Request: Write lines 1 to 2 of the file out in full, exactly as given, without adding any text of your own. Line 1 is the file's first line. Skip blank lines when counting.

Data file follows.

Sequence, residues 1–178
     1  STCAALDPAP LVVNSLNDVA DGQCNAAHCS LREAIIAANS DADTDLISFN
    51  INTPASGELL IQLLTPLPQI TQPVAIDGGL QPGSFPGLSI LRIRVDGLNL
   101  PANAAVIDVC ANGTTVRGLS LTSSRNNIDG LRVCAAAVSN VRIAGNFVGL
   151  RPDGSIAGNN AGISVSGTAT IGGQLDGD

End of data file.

Sequence, residues 1–178
     1  STCAALDPAP LVVNSLNDVA DGQCNAAHCS LREAIIAANS DADTDLISFN